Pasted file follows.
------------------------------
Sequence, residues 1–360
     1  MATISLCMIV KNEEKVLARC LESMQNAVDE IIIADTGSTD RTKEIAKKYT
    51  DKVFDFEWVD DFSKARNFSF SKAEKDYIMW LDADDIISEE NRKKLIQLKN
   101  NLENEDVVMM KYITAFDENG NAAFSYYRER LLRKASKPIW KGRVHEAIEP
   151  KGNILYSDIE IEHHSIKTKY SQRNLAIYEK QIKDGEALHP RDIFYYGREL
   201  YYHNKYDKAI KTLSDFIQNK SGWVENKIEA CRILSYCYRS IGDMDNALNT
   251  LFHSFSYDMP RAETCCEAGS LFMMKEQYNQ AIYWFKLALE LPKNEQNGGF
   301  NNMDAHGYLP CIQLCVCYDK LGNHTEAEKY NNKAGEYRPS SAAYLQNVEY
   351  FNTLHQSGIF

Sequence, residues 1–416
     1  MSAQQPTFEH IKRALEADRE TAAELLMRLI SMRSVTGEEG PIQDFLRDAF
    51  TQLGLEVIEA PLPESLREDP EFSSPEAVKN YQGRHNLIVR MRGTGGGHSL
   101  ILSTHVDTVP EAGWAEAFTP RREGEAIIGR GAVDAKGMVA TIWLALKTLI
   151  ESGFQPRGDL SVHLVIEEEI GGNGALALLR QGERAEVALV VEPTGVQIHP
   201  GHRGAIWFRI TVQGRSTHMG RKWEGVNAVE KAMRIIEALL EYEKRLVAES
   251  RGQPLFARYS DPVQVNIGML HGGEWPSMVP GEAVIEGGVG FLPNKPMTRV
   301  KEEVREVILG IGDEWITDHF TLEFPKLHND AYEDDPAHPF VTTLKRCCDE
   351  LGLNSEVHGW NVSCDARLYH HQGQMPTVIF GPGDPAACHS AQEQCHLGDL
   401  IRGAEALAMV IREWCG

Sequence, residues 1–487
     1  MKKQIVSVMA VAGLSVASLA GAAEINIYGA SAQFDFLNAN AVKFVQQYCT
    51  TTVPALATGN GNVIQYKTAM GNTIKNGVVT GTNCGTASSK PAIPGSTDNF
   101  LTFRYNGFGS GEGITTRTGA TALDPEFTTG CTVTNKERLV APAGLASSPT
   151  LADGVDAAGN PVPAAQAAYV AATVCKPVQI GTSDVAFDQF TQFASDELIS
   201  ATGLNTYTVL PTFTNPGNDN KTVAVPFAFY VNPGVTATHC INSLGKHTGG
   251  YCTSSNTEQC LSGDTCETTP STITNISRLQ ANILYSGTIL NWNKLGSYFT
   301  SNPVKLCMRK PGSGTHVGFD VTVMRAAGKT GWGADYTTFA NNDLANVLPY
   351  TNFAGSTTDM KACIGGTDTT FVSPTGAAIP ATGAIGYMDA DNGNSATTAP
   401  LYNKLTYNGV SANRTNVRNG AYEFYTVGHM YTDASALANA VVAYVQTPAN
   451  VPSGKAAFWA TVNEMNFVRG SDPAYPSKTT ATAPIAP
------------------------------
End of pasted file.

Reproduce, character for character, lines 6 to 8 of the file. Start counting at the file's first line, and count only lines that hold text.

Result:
   201  YYHNKYDKAI KTLSDFIQNK SGWVENKIEA CRILSYCYRS IGDMDNALNT
   251  LFHSFSYDMP RAETCCEAGS LFMMKEQYNQ AIYWFKLALE LPKNEQNGGF
   301  NNMDAHGYLP CIQLCVCYDK LGNHTEAEKY NNKAGEYRPS SAAYLQNVEY